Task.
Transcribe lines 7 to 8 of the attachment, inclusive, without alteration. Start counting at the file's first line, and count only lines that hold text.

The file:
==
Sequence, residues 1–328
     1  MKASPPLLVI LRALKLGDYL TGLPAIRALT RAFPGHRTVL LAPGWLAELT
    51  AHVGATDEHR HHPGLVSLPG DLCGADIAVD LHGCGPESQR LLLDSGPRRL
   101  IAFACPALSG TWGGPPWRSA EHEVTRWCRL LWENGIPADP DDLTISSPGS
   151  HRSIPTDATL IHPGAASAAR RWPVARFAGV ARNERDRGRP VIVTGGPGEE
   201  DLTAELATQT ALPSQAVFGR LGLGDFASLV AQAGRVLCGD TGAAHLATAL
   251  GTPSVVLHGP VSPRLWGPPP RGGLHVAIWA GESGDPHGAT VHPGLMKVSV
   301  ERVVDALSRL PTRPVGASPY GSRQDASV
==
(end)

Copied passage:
   251  GTPSVVLHGP VSPRLWGPPP RGGLHVAIWA GESGDPHGAT VHPGLMKVSV
   301  ERVVDALSRL PTRPVGASPY GSRQDASV